10 Reasons You Should Write Your Book This Year

Legendary organization and personal Effectiveness Master David Allen recommends a tool called the someday maybe file. That’s a place where you write down ideas of things you would like to do at some point, but don’t have time to do right now. 

1. Your Story Matters

Stories matter. They’re one of humanity’s greatest inventions, and a core part of who we are as a species. We use them to carry culture, and warnings, and instructions to younger generations. We are comforted by some, and inspired by others. Stories help us find empathy for those not like us, and teach others to connect with our point of view. From the most epic legend to the shortest “man walks into a bar” joke, they are among the most quinessential properties of being human. Stories. Are. Important. 

Do you know what else? Your story is important. It’s the only one that can tell the world about your experiences, thoughts, challenges, celebrations, fears, and loves. It’s the only one that can distill and crystalize what this journey through life has taught you. And only you can write it. Nobody else has the qualifications. 

So you should probably get on that. 

2. You Can Bootstrap Your Success

Here’s the thing about writing and publishing your first book. Once it’s done, it can start generating money for you. It won’t be a lot of money, at least not at first, but it’s money. You can use that money to promote that book to make even more money later on. If you keep doing that, eventually you’ll make enough money to cut back your “day job” hours and write more books, more quickly.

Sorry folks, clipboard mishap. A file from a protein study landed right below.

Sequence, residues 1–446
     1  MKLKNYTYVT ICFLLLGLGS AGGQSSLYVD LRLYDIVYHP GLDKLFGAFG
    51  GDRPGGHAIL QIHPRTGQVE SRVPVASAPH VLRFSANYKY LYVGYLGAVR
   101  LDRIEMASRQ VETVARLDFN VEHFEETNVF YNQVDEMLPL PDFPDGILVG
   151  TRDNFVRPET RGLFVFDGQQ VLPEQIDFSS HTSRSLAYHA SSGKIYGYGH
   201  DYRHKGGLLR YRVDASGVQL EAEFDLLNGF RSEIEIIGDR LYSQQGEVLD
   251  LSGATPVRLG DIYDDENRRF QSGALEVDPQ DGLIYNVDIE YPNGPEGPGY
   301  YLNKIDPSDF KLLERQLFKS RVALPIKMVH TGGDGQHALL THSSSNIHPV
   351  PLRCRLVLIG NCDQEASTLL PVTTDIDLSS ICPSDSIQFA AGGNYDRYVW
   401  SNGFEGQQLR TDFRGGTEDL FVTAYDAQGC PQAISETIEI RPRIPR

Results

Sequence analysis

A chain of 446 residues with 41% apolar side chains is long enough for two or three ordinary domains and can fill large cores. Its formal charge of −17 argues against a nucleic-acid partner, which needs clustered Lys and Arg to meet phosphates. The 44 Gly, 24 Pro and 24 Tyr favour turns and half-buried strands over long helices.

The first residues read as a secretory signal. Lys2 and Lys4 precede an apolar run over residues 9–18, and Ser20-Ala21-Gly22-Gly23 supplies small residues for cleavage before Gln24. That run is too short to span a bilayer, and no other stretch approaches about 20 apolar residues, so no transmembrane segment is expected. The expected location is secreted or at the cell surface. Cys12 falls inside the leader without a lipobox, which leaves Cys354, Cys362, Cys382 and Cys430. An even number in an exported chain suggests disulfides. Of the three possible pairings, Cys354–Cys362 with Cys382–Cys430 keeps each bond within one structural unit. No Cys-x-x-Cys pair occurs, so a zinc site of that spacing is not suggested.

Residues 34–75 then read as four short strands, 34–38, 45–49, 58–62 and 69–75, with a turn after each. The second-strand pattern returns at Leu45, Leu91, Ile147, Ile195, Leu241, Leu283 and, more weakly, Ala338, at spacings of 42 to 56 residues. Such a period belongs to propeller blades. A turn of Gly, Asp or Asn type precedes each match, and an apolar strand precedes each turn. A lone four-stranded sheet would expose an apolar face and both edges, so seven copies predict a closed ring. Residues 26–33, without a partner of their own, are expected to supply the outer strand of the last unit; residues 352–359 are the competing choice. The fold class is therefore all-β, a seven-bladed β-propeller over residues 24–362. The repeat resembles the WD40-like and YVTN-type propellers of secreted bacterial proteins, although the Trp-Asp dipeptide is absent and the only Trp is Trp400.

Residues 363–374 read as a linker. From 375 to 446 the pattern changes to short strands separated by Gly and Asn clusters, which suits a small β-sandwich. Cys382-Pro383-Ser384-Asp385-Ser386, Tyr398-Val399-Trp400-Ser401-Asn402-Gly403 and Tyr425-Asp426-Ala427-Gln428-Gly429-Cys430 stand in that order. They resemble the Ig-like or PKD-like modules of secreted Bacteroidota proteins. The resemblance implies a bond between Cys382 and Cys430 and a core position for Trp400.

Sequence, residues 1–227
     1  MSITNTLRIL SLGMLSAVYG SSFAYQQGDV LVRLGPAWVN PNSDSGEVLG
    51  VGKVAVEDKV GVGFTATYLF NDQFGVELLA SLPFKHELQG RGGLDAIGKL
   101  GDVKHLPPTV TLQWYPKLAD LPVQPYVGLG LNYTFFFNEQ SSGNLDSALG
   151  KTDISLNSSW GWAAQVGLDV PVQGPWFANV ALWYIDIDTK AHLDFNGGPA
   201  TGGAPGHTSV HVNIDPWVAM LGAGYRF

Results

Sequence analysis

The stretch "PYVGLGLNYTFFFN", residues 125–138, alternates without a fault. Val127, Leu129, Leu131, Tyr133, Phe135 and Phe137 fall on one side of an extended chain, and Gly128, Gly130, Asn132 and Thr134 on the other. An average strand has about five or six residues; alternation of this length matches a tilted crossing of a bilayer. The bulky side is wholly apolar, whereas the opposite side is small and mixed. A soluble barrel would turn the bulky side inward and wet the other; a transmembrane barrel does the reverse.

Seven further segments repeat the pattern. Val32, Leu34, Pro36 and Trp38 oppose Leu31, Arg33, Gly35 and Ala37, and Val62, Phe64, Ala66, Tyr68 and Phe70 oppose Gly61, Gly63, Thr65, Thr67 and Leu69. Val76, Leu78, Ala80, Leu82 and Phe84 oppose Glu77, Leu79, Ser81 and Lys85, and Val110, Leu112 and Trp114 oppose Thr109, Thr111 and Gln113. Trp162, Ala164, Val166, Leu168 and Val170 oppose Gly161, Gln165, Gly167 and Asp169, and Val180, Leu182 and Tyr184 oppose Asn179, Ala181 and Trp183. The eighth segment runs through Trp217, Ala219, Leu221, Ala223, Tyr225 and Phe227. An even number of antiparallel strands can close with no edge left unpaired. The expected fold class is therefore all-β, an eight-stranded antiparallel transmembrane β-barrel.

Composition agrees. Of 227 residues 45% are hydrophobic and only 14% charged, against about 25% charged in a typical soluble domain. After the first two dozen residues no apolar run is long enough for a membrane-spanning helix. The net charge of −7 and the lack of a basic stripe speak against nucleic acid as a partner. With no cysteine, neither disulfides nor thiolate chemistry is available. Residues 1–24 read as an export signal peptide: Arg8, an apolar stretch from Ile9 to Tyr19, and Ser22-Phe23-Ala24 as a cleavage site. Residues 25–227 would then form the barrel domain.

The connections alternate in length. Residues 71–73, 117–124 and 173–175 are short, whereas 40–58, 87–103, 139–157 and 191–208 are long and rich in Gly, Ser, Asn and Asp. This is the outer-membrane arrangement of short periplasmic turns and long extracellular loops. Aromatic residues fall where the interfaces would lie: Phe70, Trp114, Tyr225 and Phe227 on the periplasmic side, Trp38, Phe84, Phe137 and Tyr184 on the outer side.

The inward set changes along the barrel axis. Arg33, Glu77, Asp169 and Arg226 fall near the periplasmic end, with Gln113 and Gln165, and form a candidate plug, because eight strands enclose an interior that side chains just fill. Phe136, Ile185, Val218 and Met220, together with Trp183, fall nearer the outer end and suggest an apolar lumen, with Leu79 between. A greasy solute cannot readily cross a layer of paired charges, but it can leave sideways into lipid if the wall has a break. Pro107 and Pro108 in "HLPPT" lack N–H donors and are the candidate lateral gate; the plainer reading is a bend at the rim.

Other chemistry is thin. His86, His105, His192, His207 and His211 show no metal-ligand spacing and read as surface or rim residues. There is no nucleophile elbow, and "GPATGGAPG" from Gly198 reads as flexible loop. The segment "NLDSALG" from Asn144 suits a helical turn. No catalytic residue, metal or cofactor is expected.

And each of those books will also begin generating money…which you can use to further promote your books, make more money, take more time off, and write even more. The whole thing snowballs faster than you’re imagining right now, even faster than you’re thinking after reading it’s faster than you were imagining. But it all starts with finishing that first book.

So you should probably finish that book. 

3. 27,000 Days

You have about that many days in your life. You’ll spend a third of that time sleeping, and most people spend another third of that time at work. When you run out of days, it’s all over. What’s left is what you made of them: family you raised, causes you helped, memories and stories people tell for years to come, and maybe some things you built or created along the way. 

Do you want your book to be a part of that legacy? There’s only one way to make that happen, and that’s to write a book. Since your next thousand days aren’t 100% promised, shouldn’t you spend these next ones making your book a reality?